© 1993

Semiconductor Physical Electronics


Part of the Microdevices book series (MDPF)

Table of contents

  1. Front Matter
    Pages i-xv
  2. Sheng S. Li
    Pages 21-39
  3. Sheng S. Li
    Pages 41-54
  4. Sheng S. Li
    Pages 55-85
  5. Sheng S. Li
    Pages 87-111
  6. Sheng S. Li
    Pages 147-181
  7. Sheng S. Li
    Pages 247-286
  8. Sheng S. Li
    Pages 287-326
  9. Sheng S. Li
    Pages 327-390
  10. Sheng S. Li
    Pages 391-422
  11. Sheng S. Li
    Pages 455-502
  12. Back Matter
    Pages 503-507

About this book


The purpose of this book is to provide the reader with a self-contained treatment of fundamen­ tal solid state and semiconductor device physics. The material presented in the text is based upon the lecture notes of a one-year graduate course sequence taught by this author for many years in the ·Department of Electrical Engineering of the University of Florida. It is intended as an introductory textbook for graduate students in electrical engineering. However, many students from other disciplines and backgrounds such as chemical engineering, materials science, and physics have also taken this course sequence, and will be interested in the material presented herein. This book may also serve as a general reference for device engineers in the semiconductor industry. The present volume covers a wide variety of topics on basic solid state physics and physical principles of various semiconductor devices. The main subjects covered include crystal structures, lattice dynamics, semiconductor statistics, energy band theory, excess carrier phenomena and recombination mechanisms, carrier transport and scattering mechanisms, optical properties, photoelectric effects, metal-semiconductor devices, the p--n junction diode, bipolar junction transistor, MOS devices, photonic devices, quantum effect devices, and high­ speed III-V semiconductor devices. The text presents a unified and balanced treatment of the physics of semiconductor materials and devices. It is intended to provide physicists and mat­ erials scientists with more device backgrounds, and device engineers with a broader knowledge of fundamental solid state physics.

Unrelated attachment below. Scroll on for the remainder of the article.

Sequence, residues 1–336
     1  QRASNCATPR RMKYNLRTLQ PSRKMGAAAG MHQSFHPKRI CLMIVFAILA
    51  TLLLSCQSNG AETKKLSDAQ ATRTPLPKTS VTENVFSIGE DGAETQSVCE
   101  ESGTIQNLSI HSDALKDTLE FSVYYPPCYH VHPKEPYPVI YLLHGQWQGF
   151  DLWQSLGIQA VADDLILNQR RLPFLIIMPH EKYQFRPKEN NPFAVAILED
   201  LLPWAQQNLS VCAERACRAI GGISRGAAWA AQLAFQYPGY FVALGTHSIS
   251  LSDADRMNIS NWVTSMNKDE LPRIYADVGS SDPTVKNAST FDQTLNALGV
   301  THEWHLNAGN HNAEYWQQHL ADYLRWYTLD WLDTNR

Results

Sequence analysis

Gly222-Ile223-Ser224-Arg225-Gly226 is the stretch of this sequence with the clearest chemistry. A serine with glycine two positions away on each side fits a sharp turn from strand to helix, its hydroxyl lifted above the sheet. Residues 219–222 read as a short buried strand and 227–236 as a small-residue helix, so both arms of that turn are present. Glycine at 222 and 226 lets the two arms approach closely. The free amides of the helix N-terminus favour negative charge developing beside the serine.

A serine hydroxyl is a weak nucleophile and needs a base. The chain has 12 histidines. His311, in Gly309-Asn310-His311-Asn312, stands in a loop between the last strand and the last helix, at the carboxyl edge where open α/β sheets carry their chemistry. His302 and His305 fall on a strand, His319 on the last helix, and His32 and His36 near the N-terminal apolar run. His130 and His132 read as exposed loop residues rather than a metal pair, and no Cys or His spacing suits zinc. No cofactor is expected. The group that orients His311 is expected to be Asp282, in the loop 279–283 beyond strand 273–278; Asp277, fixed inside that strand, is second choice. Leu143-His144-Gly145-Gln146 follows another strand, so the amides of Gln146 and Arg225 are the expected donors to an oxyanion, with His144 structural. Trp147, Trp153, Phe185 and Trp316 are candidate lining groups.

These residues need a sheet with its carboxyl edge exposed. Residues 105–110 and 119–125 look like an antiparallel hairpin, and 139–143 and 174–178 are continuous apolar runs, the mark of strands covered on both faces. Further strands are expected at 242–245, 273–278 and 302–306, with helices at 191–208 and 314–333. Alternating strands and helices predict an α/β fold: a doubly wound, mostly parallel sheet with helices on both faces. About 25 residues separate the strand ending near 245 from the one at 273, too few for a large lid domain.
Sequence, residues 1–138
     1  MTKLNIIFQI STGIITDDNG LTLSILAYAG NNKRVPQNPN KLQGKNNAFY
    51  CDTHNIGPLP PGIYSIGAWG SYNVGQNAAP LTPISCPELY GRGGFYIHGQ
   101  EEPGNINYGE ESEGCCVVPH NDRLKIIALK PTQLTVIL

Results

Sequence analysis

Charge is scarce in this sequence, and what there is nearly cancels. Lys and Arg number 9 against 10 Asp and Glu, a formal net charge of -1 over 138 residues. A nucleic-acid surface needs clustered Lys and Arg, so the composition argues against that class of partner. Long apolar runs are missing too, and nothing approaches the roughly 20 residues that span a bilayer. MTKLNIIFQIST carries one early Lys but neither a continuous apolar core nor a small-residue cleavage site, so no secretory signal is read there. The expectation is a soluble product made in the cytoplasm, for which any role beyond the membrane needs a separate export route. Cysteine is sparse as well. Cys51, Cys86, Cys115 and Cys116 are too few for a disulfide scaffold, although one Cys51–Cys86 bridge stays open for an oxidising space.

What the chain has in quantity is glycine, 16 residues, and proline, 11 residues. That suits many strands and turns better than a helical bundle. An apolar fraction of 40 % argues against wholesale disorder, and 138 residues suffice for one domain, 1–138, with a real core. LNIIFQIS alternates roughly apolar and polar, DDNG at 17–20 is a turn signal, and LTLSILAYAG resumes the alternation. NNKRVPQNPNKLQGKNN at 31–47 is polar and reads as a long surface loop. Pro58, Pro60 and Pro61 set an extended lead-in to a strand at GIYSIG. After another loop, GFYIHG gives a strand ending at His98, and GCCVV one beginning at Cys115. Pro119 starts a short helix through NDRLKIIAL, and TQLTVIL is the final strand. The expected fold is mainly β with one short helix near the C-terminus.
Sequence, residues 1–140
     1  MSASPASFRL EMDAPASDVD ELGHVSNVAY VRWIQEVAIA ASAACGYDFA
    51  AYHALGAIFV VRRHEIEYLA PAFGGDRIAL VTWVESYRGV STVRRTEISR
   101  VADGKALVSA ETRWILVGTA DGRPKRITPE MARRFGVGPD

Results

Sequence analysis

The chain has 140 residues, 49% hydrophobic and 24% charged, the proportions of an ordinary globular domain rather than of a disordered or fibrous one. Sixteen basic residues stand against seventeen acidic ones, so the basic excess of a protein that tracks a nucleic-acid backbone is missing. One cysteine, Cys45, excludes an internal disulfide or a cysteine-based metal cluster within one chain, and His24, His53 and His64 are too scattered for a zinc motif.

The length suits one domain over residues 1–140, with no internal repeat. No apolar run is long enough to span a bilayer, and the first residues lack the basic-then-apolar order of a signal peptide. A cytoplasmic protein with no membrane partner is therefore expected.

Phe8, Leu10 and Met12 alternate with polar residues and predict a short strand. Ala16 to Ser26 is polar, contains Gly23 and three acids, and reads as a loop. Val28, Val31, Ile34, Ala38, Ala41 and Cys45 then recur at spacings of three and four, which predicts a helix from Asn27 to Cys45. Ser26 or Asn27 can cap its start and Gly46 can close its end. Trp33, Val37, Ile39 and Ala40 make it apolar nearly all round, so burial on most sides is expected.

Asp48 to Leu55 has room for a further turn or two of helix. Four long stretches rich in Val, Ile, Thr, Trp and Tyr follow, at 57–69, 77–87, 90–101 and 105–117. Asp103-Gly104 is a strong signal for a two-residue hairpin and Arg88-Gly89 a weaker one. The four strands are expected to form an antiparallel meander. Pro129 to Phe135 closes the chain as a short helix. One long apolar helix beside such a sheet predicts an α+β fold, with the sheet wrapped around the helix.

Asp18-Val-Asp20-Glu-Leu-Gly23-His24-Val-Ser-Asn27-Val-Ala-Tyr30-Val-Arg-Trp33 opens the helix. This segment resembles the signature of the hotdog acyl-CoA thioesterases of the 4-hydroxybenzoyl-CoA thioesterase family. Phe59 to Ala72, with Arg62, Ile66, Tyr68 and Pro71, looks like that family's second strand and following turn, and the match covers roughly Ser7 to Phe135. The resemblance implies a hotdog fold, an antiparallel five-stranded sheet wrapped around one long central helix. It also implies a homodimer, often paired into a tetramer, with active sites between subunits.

Diode Semiconductor bipolar junction transistor electronics field-effect transistor physics solar cell transistor

Authors and affiliations

  1. 1.Department of Electrical EngineeringUniversity of FloridaGainesvilleUSA

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